The Socialist 7 February 2018 |
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Tragic death exposes criminal understaffing of NHS
Cuts make avoidable deaths more likely (Click to enlarge)
By a doctor
After the tragic death of a six-year-old child, Jack Adcock, a doctor and nurse have been removed from their professional registers and given two-year suspended prison sentences for manslaughter.
Fear and fury have engulfed health workers following the court's decision. 'It could have been me,' is the feeling of over-stretched staff everywhere, caring for patients with inadequate resources.
Jack's grieving family suffered a terrible loss. They have rightly demanded explanations and justice. But the criminals - successive government ministers starving the NHS of resources - have walked away from the scene. They are the ones who should be held responsible for the predictable consequences of their policies.
Jack's death exposed many failings at Leicester Royal Infirmary in 2011. Born with a heart condition, he had had successful surgery when younger. The Children's Congenital Heart Centre at nearby Glenfield Hospital was already under threat of closure that year. He was brought to hospital with a chest infection. Several mistakes, including drug administration later that day, resulted in a catastrophic blood pressure fall.
The most senior children's doctor on duty, Hadiza Bawa-Garba, had a previously unblemished record. She had just re-started work after 13 months maternity leave, in a new hospital but with no induction in the hospital procedures. That day was her first back in an acute setting. She was looking after six wards, spanning four floors, undertaking paediatric input to two surgical wards, giving advice to midwives and taking GP calls.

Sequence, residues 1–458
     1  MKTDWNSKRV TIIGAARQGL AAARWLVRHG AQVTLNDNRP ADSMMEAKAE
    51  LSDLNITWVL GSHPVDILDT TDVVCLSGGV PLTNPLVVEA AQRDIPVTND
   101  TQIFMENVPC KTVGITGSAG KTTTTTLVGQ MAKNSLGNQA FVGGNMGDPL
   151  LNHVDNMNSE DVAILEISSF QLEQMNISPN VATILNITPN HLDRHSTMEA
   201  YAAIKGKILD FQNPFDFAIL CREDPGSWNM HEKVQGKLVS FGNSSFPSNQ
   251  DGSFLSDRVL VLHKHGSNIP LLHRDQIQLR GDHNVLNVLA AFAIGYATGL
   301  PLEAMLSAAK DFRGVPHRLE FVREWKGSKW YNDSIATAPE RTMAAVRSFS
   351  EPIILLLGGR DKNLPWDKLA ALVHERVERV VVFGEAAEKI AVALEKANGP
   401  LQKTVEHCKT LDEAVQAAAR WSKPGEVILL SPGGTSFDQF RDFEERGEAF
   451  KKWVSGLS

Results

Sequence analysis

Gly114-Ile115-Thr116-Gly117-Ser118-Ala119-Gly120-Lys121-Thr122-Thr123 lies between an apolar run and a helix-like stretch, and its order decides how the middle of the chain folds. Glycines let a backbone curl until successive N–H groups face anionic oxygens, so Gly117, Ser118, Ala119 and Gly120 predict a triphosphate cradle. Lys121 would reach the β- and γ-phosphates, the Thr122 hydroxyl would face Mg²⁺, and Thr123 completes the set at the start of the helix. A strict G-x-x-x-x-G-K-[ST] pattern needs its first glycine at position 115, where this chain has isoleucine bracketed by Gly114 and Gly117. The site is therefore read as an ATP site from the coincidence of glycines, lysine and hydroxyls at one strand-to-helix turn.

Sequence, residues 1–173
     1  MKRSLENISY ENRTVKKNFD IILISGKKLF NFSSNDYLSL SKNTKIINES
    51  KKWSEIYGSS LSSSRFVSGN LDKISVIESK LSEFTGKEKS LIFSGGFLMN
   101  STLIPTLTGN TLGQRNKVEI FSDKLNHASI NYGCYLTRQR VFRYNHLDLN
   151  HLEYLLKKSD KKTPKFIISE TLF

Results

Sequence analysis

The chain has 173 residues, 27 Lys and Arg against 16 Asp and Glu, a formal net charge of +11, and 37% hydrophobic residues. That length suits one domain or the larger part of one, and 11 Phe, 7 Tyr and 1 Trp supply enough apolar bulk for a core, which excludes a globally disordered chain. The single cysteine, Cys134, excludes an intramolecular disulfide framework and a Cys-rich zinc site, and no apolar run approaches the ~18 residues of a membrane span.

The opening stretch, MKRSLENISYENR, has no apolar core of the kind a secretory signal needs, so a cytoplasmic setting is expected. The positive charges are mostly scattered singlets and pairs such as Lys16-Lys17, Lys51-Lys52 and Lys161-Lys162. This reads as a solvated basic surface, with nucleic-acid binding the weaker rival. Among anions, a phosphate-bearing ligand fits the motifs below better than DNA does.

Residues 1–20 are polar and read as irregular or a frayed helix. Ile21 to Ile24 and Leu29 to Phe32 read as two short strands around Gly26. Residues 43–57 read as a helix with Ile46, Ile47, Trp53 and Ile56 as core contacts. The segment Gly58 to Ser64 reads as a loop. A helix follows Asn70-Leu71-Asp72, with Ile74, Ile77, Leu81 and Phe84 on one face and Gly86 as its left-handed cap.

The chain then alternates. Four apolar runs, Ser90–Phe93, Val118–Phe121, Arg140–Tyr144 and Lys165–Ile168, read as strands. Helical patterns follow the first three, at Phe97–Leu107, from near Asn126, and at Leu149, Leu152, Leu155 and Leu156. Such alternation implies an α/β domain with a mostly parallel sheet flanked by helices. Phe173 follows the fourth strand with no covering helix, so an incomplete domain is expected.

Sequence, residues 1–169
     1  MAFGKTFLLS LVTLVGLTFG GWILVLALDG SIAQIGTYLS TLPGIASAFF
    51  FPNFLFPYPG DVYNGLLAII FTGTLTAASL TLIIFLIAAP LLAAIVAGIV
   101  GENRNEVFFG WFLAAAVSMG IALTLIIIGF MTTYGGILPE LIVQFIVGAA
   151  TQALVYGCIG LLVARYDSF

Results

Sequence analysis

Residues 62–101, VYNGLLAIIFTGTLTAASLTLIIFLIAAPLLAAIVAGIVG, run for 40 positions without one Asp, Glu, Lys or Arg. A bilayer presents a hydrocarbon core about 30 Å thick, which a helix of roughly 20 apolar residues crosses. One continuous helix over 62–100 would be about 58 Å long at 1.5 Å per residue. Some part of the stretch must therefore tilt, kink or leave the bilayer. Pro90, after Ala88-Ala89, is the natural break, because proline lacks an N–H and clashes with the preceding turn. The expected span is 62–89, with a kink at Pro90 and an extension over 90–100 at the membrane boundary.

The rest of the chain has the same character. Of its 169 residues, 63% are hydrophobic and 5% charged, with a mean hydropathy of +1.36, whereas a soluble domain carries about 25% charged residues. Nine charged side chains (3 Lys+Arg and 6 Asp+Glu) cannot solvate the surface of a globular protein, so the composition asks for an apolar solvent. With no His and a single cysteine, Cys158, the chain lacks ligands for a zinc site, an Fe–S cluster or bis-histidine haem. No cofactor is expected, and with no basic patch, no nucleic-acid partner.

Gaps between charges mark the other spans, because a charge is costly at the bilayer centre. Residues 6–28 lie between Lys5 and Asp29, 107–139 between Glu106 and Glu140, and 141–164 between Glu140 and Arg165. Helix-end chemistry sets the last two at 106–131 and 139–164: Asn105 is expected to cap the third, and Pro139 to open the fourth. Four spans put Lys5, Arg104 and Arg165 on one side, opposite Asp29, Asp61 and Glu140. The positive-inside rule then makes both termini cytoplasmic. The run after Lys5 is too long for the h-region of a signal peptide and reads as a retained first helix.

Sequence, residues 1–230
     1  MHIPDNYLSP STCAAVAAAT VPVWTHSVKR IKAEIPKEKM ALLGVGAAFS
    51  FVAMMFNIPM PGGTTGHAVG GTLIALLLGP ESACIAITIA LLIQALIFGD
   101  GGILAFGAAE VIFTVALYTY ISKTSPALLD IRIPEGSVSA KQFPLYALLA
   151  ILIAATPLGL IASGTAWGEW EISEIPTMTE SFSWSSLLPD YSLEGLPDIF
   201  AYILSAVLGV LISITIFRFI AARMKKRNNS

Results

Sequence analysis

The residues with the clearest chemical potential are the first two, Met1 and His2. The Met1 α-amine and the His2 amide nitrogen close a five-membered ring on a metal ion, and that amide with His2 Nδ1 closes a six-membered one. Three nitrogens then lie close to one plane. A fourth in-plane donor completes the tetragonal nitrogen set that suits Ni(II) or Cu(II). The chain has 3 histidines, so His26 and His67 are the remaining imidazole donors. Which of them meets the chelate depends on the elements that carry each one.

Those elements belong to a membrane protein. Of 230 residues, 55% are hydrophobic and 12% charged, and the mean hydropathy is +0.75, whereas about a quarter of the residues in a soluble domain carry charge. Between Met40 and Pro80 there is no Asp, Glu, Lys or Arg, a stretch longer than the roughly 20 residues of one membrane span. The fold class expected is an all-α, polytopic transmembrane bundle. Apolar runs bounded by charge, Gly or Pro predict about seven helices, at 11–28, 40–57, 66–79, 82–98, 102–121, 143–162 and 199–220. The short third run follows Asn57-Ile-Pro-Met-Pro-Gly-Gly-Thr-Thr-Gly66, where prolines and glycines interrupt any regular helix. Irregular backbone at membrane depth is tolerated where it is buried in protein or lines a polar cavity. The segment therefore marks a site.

She was covering the Children's Assessment Unit as well as her wards. The colleague normally doing this was on a training day. The senior consultant was teaching in Warwick. Two other junior doctors had started paediatrics less than three weeks earlier.
The hospital's IT system failed so one junior spent the afternoon constantly phoning for test results. Dr Bawa-Garba was effectively doing the work of three doctors throughout the day - and four that afternoon. She had been working non-stop for over 12 hours when Jack died.
There was a shortage of nurses too. Jack's nurse, Isabel Amaro, was qualified in adult nursing, brought to the Children's Assessment Unit through an agency.
An investigation team concluded a single cause for Jack's death could not be identified. 79 actions were undertaken by the hospital as a result of their report.
Dr. Bawa-Garba and nurse Amaro have taken the blame for system failures.
Among many shocking aspects of this tragedy was the use of Dr Bawa-Garba's reflective learning journal as evidence against her. All health workers are expected to learn from mistakes and incidents. If health workers are to be criminalised for honestly trying to learn from these, they will think hard about concealing them, making patient care less safe.
Any health worker who feels staffing levels are unsafe should have the right to demand managers bring in extra staff within an hour. But it mustn't be left to individuals.
And many know of the case of Dr Chris Day, a junior doctor who blew the whistle on unsafe staffing levels of his intensive care unit in 2014 and had his training stopped by Health Education England, effectively blacklisting him since then.
The choice between working understaffed leading to criminal charges and the end of a professional career if someone dies - or blowing the whistle and being unable to find further work - is no choice at all.
All health trade unions should now organise workplace meetings, linking safe working to the need for decent pay to help retain staff and student bursaries to help recruitment. These meetings should build to an urgent national trade union-led demonstration, followed by national industrial action, both within the NHS and by the whole trade union movement, if the NHS remains under-funded to meet patient and staff safety.